Culture Aid NOLA (CAN) is working with Footprint Project through a grant from Elevance Health Foundation to build more green and efficient operations. More than 400 families are served with free, fresh produce at each of CAN’s twice-weekly no-barrier no-stigma grocery distributions, and through solar innovations Footprint Project aims to reduce energy use at these events. 

Footprint Project, with support from Elevance Health Foundation, the philanthropic arm of Elevance Health, is partnering with CAN, Sprout NOLA, and New Orleans Community Fridges to provide solar + battery solutions for local community coolers. The Healthier Power initiative will ensure that pillars of the food security community remain resilient through disaster power outages, eliminating both food waste and greenhouse gas emissions.

"How can we help power your mission? At Footprint Project, this question is always at the core of our work. We are thrilled to be partnering with Culture Aid NOLA, whose non-traditional food bank model is a mission we're honored to help power,” said Jamie Swezey, Footprint Project Program Director. 

"The partnership with Footprint Project gives Culture Aid NOLA relief going into summer months and hurricane season. Working through blue and grey skies, it is crucial for us to have access to temperature regulated coolers to store food and access to power to continue operating on site,” said CAN Executive Director Ellie Duff.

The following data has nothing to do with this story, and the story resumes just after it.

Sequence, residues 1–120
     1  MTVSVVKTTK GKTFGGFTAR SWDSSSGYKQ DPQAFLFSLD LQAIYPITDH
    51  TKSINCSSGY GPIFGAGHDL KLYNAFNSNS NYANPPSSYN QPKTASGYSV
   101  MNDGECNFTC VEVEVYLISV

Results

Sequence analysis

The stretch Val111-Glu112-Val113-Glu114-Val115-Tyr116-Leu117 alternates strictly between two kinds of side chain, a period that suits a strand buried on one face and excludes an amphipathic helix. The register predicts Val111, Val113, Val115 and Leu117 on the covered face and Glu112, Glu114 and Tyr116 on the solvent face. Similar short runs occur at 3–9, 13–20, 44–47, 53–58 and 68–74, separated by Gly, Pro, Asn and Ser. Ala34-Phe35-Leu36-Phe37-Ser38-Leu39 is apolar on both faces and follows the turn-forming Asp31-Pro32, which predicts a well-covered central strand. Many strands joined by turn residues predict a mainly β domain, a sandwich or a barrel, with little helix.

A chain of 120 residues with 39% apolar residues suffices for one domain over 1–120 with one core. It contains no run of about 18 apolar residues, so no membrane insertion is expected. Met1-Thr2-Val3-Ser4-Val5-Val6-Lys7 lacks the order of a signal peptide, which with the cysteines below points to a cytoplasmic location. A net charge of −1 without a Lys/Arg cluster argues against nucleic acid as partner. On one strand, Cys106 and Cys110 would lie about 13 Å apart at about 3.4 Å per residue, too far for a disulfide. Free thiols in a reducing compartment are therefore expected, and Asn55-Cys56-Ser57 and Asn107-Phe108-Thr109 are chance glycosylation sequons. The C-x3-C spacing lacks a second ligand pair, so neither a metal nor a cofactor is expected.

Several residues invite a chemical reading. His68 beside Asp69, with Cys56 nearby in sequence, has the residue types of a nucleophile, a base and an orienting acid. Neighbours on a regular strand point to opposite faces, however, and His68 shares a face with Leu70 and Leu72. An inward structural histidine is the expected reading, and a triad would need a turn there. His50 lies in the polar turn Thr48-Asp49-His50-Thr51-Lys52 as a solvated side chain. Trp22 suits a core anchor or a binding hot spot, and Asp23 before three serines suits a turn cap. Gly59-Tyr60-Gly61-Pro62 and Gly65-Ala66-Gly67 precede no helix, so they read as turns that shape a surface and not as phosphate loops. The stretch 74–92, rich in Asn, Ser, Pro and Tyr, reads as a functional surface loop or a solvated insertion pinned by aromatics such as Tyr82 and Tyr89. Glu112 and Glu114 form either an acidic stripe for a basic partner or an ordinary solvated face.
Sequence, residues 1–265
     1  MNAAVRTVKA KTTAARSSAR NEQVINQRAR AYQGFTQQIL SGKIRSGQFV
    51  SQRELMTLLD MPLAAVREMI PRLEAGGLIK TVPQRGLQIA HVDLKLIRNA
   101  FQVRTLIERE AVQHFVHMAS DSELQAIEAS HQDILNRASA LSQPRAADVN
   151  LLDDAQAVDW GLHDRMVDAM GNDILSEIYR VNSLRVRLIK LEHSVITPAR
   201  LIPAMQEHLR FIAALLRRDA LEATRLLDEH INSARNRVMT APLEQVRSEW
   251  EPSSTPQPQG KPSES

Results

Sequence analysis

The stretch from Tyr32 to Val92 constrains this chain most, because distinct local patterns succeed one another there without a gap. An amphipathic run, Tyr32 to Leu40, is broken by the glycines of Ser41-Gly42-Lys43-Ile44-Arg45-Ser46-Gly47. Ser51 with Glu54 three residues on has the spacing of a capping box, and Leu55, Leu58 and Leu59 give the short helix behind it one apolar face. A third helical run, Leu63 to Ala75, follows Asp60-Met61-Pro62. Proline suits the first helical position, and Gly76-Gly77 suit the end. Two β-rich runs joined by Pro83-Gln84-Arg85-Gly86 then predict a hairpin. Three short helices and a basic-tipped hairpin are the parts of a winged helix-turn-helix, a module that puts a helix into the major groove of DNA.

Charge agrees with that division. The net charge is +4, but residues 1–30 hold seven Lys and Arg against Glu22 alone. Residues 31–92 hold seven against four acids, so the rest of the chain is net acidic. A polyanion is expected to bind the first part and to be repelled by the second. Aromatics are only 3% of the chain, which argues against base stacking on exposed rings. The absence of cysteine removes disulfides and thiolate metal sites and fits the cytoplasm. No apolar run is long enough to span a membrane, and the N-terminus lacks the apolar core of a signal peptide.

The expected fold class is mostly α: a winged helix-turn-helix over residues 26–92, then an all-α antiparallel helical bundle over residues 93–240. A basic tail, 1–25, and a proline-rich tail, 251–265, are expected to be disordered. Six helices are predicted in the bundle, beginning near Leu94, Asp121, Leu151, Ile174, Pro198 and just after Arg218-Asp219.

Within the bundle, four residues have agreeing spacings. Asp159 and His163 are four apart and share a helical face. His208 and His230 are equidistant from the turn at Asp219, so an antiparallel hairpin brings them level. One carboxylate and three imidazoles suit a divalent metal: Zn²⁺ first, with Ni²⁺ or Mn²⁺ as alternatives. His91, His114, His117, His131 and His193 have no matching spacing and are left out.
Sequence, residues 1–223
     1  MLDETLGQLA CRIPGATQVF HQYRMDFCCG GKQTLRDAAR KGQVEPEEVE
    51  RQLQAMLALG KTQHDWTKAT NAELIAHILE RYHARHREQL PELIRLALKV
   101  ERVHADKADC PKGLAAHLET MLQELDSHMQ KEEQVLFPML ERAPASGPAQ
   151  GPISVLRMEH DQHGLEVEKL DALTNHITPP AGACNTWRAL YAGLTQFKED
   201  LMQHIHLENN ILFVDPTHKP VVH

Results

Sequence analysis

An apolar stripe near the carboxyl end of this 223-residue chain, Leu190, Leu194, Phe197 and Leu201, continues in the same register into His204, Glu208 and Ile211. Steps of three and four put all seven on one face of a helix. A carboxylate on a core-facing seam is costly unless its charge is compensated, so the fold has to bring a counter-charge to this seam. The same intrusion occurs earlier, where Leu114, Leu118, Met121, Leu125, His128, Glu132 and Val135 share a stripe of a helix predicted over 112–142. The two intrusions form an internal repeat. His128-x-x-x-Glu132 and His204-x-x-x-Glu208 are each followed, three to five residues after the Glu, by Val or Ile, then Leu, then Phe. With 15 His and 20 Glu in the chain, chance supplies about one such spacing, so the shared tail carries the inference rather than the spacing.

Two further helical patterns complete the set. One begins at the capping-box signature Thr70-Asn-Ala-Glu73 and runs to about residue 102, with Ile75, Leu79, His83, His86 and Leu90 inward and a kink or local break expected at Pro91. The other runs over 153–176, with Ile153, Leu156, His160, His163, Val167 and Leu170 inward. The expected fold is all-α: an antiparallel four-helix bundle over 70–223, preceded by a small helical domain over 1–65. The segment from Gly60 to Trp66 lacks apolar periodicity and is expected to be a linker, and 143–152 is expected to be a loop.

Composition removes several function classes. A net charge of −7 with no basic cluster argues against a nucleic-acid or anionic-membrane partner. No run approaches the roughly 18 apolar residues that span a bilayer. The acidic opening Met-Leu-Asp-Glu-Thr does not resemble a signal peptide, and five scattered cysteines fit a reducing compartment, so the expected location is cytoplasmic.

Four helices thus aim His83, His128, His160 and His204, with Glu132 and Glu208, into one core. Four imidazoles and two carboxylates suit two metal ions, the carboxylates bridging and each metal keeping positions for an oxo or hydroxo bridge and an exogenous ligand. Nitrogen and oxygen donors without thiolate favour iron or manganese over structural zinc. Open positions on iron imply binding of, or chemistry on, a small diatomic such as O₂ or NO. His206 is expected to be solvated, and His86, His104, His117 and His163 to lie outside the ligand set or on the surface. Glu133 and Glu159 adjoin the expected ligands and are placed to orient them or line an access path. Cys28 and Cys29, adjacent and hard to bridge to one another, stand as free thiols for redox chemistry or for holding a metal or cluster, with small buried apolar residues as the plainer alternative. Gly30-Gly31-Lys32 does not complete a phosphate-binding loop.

Items like solar-powered generators, panels and temperature regulated coolers from the Footprint Project will ensure that Culture Aid NOLA can continue serving free food while keeping families comfortable and food fresh, on a weekly basis and in response to local major weather events. 

“Many of the communities we serve are severely impacted each year by some type of natural disaster. By expanding our community resiliency and disaster relief grants, we are able to make a greater impact not only in the communities we serve, but for the individuals who are impacted as well,” said Shantanu Agrawal, M.D., Chief Health Officer of Elevance Health.“Together with our partners, Elevance Health Foundation will continue working to measurably improve disaster preparedness, response, and recovery efforts throughout the country.”

This new technology will power CAN through extreme weather events like Hurricane Ida, and more chronic climate issues. Due to record-breaking heat last summer, CAN had to cancel almost all late afternoon distributions in the month of August for the safety of volunteers and guests. With increased temperatures throughout the summer, being able to power misting fans and charge pallet jacks with solar power will allow CAN to deal with the effects of climate change without contributing further.